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Starting your Car and basically Doing Anything: Nicholas Callan
The Induction Coil sounds like a buzzword piece of technology that might be thrown around as techno-garble on a classic episode of Star Trek. But actually, without it, your car would not start.
Induction coils are a type of discharge coil which are used to create high-voltage pulses from low-voltage direct (DC) current.
Invented in 1836 by Irish priest Nicholas Callan, it was an early type of transformer that led the way towards modern electrical transformer technology, which in turn enabled AC current to be transmitted and distributed over high-tension wires over long distances, thus enabling all modern forms of electrical consumption as well as electricity used in many types of consumer applications.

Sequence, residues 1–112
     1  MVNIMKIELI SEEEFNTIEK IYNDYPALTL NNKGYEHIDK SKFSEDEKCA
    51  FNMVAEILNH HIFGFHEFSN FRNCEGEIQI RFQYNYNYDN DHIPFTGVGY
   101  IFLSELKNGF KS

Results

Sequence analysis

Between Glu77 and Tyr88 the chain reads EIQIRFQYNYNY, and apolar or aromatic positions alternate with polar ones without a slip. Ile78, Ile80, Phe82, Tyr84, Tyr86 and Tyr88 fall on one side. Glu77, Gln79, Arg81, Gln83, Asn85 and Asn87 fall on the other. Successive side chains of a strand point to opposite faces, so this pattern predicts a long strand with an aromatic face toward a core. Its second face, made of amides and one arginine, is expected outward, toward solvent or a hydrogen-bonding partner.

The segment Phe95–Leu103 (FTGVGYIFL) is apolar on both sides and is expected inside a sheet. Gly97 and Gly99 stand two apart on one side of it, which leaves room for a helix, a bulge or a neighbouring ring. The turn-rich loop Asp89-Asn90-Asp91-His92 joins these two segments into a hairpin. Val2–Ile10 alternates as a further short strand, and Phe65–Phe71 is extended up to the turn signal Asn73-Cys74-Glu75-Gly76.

Without the transformer and the pioneering work of Nicholas Callan, there would have been no Edison, no Nikola Tesla, no Westinghouse.
Induction Coils were widely used in X-Ray machines, radio transmitters, and arc lighting from the 1880s to the 1920s. Today they are used almost exclusively in ignition systems for internal combustion engines.